SOCIAL Panic AND PROCRASTINATION: WHAT “I CAN’T” MIGHT REALLY MEAN

Procrastination

The Many Types of Procrastination

A complete lot can arrive when someone settles right down to start a task. Procrastination, the act of delaying the completion of an activity, is really a common response when 1 is confronted with a multi-step or challenging job.

The thought “I can’t do that” can in fact have several meanings. It could be helpful to examine the event of this thought to be able to take the very best action. The idea “I can’t” might be linked to confusion as to how to begin a task, insufficient skill to complete the duty, concern with how the final product could be evaluated, or attempting to avoid uncomfortable feelings as you engages in the duty.

The Cognitive Model Put on Procrastination

In cognitive-behavioral therapy (CBT), the partnership between thoughts, emotions, and feelings is discussed frequently. Research shows that people with social anxiety have higher degrees of perfectionism and experiential avoidance, which can explain the event procrastination (Buckner, Zvolensky, Farris & Hogan, 2014; Ferrari, 1991; Flett, Blankstein & Martin, 1995). In this sense, procrastination can work as a behavior in order to avoid uncomfortable internal experiences, of one’s actual capability to complete the duty itself regardless.

Short-Term Gain, Long-Term Discomfort

Behaviors are maintained because of their short-term consequences often. This means that what goes on rigtht after a behavior often determines if we have been more likely to perform that behavior again. If the event of procrastination serves to supply a temporary sense of rest from distressing thoughts and uncomfortable feelings, the behavior may very well be reproduced in similar future situations. However, this behavioral pattern often results in the anxiety increasing over people and time looking for a different, and more effective, method of approaching challenging tasks.

Changing the Design of Procrastination

It is important to learn that responses to thoughts, feelings, and behavioral urges aren’t fixed. Learning other ways of giving an answer to these patterns can in fact change these behavioral designs and result in more desired outcomes later on.

Developing New Romantic relationships with Emotions

Many people react to uncomfortable emotions by attempting to ignore unknowingly, prevent, or invalidate the emotion. Labeling and observing emotions could be a new experience for most people. Indeed, research implies that affect labeling and psychological experiencing are two helpful means of responding to uncomfortable feelings (Burklund, Craske, Taylor, & Lieberman, 2015; Lieberman et. al, 2007; Torre & Lieberman, 2018).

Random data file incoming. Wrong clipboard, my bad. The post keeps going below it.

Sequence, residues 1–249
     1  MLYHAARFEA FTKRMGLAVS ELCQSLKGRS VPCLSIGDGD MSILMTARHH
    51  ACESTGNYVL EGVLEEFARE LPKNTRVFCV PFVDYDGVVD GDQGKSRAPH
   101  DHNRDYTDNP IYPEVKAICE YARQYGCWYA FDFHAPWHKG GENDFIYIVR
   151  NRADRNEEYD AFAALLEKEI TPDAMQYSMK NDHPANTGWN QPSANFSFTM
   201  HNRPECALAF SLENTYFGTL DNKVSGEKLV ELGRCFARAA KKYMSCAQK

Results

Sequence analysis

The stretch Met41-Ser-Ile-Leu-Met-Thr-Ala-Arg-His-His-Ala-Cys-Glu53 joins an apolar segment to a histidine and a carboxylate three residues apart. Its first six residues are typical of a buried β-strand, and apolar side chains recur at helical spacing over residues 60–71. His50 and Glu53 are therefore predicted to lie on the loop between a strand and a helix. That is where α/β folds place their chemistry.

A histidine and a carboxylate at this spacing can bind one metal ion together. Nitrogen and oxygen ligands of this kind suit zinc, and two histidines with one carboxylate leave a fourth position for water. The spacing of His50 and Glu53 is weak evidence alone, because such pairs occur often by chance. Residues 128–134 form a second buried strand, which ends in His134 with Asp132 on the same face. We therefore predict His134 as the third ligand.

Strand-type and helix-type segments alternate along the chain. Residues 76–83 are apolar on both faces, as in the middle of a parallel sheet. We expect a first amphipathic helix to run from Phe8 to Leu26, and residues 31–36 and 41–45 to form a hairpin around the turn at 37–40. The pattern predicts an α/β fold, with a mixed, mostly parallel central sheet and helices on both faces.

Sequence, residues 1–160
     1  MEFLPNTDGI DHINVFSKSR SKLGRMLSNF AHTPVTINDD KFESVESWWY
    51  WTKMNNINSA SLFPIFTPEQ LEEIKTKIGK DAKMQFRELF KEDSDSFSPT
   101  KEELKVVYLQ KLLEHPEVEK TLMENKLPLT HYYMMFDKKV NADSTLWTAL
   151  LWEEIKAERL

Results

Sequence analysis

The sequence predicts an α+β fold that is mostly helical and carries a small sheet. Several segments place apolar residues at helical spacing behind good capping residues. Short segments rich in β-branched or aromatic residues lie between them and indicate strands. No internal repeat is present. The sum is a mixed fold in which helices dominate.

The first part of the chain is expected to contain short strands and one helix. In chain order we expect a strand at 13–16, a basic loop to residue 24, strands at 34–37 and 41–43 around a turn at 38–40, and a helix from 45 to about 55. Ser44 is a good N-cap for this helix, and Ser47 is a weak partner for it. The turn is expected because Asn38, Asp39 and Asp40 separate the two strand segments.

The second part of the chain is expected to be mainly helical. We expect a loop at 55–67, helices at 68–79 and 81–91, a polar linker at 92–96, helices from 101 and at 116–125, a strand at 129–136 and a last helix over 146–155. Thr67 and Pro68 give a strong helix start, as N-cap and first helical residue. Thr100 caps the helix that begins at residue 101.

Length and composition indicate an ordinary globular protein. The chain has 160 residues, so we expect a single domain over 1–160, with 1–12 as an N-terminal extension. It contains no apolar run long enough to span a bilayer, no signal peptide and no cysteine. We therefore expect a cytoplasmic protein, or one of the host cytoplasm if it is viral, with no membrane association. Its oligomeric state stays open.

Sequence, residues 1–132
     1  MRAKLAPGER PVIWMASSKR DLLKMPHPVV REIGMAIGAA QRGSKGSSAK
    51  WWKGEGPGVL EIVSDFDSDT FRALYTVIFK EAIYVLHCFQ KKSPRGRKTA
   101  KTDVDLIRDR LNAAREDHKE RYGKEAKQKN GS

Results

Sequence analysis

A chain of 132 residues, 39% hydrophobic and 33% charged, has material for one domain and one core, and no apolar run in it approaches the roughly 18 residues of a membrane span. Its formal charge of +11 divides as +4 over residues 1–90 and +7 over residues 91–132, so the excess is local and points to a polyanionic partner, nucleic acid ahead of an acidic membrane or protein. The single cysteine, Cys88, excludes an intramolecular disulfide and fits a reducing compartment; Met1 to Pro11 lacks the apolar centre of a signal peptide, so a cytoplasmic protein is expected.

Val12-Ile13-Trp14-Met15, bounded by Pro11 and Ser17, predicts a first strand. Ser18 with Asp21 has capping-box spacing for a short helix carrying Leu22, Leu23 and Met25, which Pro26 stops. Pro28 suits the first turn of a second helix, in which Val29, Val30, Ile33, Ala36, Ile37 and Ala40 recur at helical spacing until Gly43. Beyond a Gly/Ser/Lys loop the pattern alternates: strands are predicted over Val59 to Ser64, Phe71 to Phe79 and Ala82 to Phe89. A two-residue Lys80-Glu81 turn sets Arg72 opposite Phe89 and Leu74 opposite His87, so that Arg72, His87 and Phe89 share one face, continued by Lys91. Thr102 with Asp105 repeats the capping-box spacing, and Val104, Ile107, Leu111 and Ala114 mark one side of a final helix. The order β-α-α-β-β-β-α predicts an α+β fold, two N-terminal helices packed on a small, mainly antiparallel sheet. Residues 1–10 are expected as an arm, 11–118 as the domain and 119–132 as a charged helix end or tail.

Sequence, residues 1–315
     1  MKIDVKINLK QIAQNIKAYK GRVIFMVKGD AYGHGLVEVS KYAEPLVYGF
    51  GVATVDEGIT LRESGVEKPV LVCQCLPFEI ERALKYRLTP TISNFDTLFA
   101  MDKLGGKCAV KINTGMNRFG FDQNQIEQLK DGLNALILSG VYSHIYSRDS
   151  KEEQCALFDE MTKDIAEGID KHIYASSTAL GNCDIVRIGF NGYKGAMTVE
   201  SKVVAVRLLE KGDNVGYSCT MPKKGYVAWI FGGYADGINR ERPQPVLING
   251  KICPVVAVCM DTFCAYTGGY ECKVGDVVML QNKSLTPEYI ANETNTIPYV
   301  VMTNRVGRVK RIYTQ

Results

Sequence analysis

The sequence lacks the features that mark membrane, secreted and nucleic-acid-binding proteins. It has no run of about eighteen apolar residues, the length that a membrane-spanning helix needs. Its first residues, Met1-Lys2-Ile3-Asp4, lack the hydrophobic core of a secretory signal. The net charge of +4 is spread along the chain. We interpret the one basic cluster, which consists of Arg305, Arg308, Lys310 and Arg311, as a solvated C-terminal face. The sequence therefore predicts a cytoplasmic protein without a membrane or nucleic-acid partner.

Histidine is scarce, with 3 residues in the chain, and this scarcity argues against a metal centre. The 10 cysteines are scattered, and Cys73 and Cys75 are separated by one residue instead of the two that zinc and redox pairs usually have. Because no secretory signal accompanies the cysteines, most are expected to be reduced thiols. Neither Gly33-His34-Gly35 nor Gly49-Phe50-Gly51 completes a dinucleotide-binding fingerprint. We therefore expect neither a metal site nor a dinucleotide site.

Developing New Associations with Thoughts

Evaluating one’s ideas and mindset is one method to change this pattern. Furthermore, you can evaluate if their thoughts are in fact facts. Different ways of changing one’s relationship with negative ideas include labeling the idea (“I just had the idea that…”) or visualizing the idea passing such as a cloud in the sky.

Developing New Human relationships with Behaviors

Responding successfully to one’s behavioral urges are a good idea also. In terms of procrastination, fear can be an emotion that’s present often. But fear doesn’t need to be in charge. It is very important acknowledge that one may both feel scared and take part in a challenging (yet safe) job. Doing the contrary of the action urge connected with an emotion is often a good way of both changing behavioral styles and learning new details (Linehan, 2014).

References
Buckner, J. D., Zvolensky, M. J., Farris, S. G., & Hogan, J. (2014). Public panic and coping motives for cannabis make use of: The influence of experiential avoidance. Psychology of Addictive Behaviors, 28(2), 568-574. https://doi.org/10.1037/a0034545

Burklund, L. J., Craske, M. G., Taylor, S. Electronic., Lieberman, M. D. (2015). Changed emotion regulation capacity in sociable phobia as a functionality of comorbidity. Sociable Cognitive and Affective Neuroscience, 10(2), 199-208. doi:10.1093/scan/nsu058

Ferrari, J. R. (1991). Compulsive Procrastination: Some Self-Reported Features. Psychological Reports, 68(2), 455-458. https://doi.org/10.2466/pr0.1991.68.2.455

Flett G.L., Blankstein K.R., Martin T.R. (1995) Procrastination, Negative Self-Evaluation, and Stress in Anxiety and Depressive disorders. In: Procrastination and Task Avoidance. pp 137-167. The Springer Series in Public Clinical Psychology. Springer, Boston, MA

Lieberman, M. D., Eisenberger, N. I actually., Crockett, M. J., Tom, S. M., Pfeifer, J. H., Method, B. M. (2007). Putting emotions into phrases: Affect labeling disrupts amygdala action in reaction to affective stimuli. Psychological Science, 18(5), 421-428. doi:10.1111/j.1467-9280.2007.01916.x

Linehan, M., M., (2014). DBT Training Manual. NY, NY: The Guilford Push.

Torre, J. B., & Lieberman, M. D. (2018). Placing Feelings Into Words: Influence Labeling as Implicit Emotion Regulation. Emotion Review, 10(2), 116-124. https://doi.org/10.1177/1754073917742706

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